Friday 19 December 2014

Breaking bread

Have you ever encountered a loaf of bread that doesn’t cut the mustard?  I have – only this morning – and it’s annoyed me so much that I’ve made it the topic of my second blog post.

This is intended primarily to be a blog about writing and my experiences as an author. However, I reserve the right to veer off at a tangent whenever I feel the urge to rant about something else. Now is one such time.

So what’s my beef? Why am I getting all sliced up about a loaf?

I just hate it when a piece of bread falls apart before you even have a chance to put it on a plate. You pull open the bag, reach inside, flip the crust out of the way and . . . the first slice you reach crumbles in your hand. Your heart sinks.

Okay, it’s rarely the whole slice. It tends to be one section, usually the top. But once that’s gone, what does it leave you with? A mess, that’s what. Certainly not the foundation of a great sandwich.

This has happened to me several times recently with a range of different sliced loaves. What’s going on? It’s almost 2015. We live in an age of superfast broadband, wafer-thin smartphones and 3D printing. Even driverless cars are finally a reality. But we can’t make a loaf of bread that’s guaranteed to stay in one piece? Ridiculous.

So yes, it happened to me again this morning. I was making my daughter’s sandwich for the last day of term. I opened a new loaf and, shock horror, the first slice came out incomplete.
‘It’s okay,’ I told her, noting the look of fear on her little face. ‘Don’t panic. The rest of the loaf is probably fine.’

In my heart I knew it wouldn’t be, though. It’s never just one slice. And sure enough, it was the whole loaf: everything apart from the crusts. Believe me, I checked.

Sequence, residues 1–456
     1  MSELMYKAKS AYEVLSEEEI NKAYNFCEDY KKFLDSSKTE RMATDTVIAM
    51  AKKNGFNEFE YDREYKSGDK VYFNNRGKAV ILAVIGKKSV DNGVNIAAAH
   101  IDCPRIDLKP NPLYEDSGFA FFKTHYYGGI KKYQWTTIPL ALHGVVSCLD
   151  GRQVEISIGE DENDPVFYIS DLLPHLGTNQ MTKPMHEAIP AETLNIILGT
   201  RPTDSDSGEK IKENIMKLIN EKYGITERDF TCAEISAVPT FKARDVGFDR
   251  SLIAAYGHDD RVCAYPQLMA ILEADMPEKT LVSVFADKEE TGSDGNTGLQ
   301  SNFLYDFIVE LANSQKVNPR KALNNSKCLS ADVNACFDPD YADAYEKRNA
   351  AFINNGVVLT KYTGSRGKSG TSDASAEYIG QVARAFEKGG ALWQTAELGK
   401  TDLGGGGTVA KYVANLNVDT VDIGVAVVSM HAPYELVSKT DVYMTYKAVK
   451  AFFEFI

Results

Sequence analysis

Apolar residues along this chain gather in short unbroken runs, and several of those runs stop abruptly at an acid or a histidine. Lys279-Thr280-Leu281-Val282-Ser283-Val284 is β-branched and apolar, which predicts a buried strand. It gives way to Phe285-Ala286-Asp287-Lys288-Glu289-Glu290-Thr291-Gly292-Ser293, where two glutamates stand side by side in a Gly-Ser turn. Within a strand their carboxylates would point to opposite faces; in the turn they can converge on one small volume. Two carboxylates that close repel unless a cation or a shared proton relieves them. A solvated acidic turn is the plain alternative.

So what did I do? I tried the old butter and pâté trick, smearing them on to the two least damaged slices I could find in the vague hope they might hold together.

‘Did it work?’ I cried as she walked through the door from school a few moments ago. But her disappointed face was answer enough.

Someone kneads to use their loaf and come up with a solution to this nightmare. It really goes against the grain with me.

Tuesday 9 December 2014


One thing a lot of authors tend to be good at (and wish they weren’t) is procrastination. As enemies of productivity go, it’s one of the worst. Okay, it’s not as bad as writer’s block, although you could argue it’s a mild form of the condition, which can become a real threat if allowed to thrive.

So why am I writing about this in my first blog entry? Well, I’ve been meaning to get around to this for some time now and I’ve been putting it off, finding all sorts of other things to do instead. You know what I’m talking about: surfing the web, going on Facebook/Twitter, watching TV box sets, cleaning the oven. Okay, I made the last one up, although it does need doing, which is why I mentioned it. I never seem to get around to it . . .

All sorts of people procrastinate, although I think writers are particularly susceptible – and it can be really harmful. When finishing your novel, for example, depends on you sitting down in front of a computer screen on a regular basis and filling it with words, not doing so is a big problem. No writing equals no story.